The creation of U.S. Highway 66 was a multi-year process that began in 1912, when Cyrus Avery (1871-1963) was elected as Tulsa’s County Commissioner. An early promoter for better roadways, today Avery is considered the “Father of Route 66”. By 1921, he was elected president of the Associated Highways Associations of America and the State Highway Commissioner of Oklahoma two years later.
Working collectively, numerous highway associations across America petitioned the Secretary of Agriculture to create a series of U.S. Highways, with Avery championing a route that traversed from Chicago to Los Angeles, taking traffic directly through Tulsa. Unlike previous highways, which were rutted and badly marked, the new highway would be paved for two lanes of traffic and signage to mark the route.
In November 1926, then-Secretary of Agriculture William M. Jardine declared the new route would be numbered “66”, with the remainder to the east-to-west route, from Springfield, Mo. to Virginia Beach, would be “60”. Paving the proposed roadway was piecemeal, according to the terrain and available funds, and wasn’t completed until 1938.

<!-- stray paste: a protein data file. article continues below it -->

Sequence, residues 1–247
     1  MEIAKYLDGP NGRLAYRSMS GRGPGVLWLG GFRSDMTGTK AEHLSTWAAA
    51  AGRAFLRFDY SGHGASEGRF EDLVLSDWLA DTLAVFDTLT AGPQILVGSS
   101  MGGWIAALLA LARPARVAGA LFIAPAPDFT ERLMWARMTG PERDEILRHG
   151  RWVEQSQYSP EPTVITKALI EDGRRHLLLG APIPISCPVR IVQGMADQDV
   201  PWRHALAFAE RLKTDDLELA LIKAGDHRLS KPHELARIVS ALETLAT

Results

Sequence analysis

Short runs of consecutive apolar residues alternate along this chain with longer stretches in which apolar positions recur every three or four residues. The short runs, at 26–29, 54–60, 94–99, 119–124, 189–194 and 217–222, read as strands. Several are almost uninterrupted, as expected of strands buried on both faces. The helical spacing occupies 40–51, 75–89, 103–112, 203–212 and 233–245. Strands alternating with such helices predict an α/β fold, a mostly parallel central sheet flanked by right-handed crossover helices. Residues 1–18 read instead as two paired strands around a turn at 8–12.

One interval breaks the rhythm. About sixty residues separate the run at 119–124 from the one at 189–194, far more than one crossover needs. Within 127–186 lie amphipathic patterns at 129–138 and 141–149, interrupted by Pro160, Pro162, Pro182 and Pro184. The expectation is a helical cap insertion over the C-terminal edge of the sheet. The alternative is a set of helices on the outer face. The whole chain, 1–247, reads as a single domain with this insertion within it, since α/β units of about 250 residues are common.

Even during the highway’s heyday as the most popular route from east to west, and back, the now-iconic sign emblazoned with 66 was only visible on maps and brochures. After years of slowly being replaced and bypassed by the interstate highway system, U.S. Highway 66 was decommissioned in 1985 and once the signs were removed one would think the old route would eventually be forgotten.
But a barber in Seligman, Arizona, whose shop is located on Route 66, didn’t want his hometown to die with the loss of highway traffic. In 1987, Angel Delgadillo championed the state to mark the old highway with “Historic Route 66” signage and created the Historic Route 66 Association of America. His barbershop became a visitor center and gift shop, and today travelers will encounter numerous visitor centers, museums, and gift shops along the old historic route.